Since Megan first started conducting media relations in 2004, nearly all of the news releases (see a few samples here) she has written have been picked up by local, regional and state newspapers, eliciting hundreds of articles throughout the years. She has also fed editorial boards information that led to the publication of editorials, which can influence public policy. Megan also submits articles to magazines, sets up social networking pages, and directs short promotional videos for her clients.
What are the keys to this success rate? Here are just a few:
1) Understanding the reporter. Megan draws on her training at the Elkin Tribune, The Cary News, Greensboro's News & Record, and North American Congress on Latin America's Report on the Americas. She also has a B.A. in English, Writing & Editing from North Carolina State University, where she was the Arts & Entertainment Editor of the college newspaper. Megan knows what it's like to sift through a pile of press releases. To catch a reporter's attention, a release must stand out by identifying what's newsworthy about the business or organization, putting it in context with the headlines of the day and making it relevant to the readers. If that news is buried under a bunch of superlatives or grandiose quotes about the excellence of the organization, then the reporter will likely bypass the story. Megan also has a high standard for accuracy. While other public relations representatives stretch the truth, her clients' stories are compelling on their own—she just finds the right language to articulate their strengths authentically. Megan goes out of her way to make reporters' lives easy, delivering text written in proper AP style, which they often cut and paste into articles. They don't have to edit out a lot of verbose PR language. When media staff have the luxury of time to write original pieces, she works with them to create accurate articles from their own angle.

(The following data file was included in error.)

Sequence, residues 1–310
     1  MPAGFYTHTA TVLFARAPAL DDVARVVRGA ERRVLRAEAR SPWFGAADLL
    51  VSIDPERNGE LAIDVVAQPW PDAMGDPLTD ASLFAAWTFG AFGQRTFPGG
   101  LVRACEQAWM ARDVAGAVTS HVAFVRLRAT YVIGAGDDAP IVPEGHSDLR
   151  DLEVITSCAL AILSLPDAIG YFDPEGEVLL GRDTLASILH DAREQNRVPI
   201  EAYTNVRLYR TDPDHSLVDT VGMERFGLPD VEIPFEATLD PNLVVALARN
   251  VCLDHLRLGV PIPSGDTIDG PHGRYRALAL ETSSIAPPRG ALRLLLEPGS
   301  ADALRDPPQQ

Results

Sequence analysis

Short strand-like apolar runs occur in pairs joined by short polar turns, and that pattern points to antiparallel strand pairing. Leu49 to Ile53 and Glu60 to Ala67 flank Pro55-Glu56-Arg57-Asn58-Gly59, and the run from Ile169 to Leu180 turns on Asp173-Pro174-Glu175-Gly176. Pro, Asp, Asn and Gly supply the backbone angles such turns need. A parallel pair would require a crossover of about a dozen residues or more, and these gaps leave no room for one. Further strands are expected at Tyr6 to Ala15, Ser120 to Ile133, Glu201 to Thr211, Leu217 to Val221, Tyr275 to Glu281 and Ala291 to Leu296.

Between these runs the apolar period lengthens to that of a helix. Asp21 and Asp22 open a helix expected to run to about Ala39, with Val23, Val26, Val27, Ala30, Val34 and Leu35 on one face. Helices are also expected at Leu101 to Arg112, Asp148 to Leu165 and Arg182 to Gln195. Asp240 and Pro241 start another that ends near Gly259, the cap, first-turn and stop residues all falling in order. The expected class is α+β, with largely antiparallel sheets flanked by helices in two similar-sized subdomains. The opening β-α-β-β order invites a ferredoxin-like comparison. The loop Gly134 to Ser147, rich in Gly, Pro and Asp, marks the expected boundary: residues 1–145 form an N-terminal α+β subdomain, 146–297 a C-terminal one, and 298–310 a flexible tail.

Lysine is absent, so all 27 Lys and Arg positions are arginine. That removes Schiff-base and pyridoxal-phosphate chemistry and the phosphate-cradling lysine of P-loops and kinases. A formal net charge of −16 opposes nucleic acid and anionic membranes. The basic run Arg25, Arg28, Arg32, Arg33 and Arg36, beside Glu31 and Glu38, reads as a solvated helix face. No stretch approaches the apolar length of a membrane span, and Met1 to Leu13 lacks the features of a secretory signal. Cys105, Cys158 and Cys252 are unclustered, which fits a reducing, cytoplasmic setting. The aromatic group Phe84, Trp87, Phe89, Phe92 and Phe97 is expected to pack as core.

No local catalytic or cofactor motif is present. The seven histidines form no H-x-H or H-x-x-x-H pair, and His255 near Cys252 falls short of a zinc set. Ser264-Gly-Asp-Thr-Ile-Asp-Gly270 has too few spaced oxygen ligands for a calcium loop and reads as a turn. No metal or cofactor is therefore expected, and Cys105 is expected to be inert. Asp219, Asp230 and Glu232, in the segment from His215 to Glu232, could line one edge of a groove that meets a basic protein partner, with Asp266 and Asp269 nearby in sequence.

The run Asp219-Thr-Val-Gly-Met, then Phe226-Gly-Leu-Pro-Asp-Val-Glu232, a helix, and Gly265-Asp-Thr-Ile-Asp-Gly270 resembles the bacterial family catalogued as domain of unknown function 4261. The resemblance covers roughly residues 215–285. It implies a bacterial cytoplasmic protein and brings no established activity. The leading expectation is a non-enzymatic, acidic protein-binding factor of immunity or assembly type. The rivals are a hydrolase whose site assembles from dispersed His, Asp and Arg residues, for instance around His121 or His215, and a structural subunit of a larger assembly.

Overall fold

2) Understanding the reader. Readers are drawn to stories involving local points of interest, familiar faces and uplifting anecdotes. They want to see signs of encouraging change in their communities. This "good news" is a welcome break to the prevalent fear-inducing reports delivered mostly for shock value without accurately represent readers' everyday experiences. Megan is particularly familiar with the viewpoints, passions and concerns of those in the western North Carolina mountains, as her work has taken her to the nooks and crannies of the region since 2000.
3) Understanding the background of the client. Specializations such as sustainable agriculture and land conservation can be complicated, and jargon is prevalent. Megan's job is to pull out the critical pieces, translating the organizations' work so that the public not only digests it, but also digs it. She draws from her internal encyclopedia of sustainable agriculture, which she's been developing since entering the field in 2001. She also has interest and a lot of knowledge in holistic healthcare, alternative education and the arts, especially dance and other forms of movement.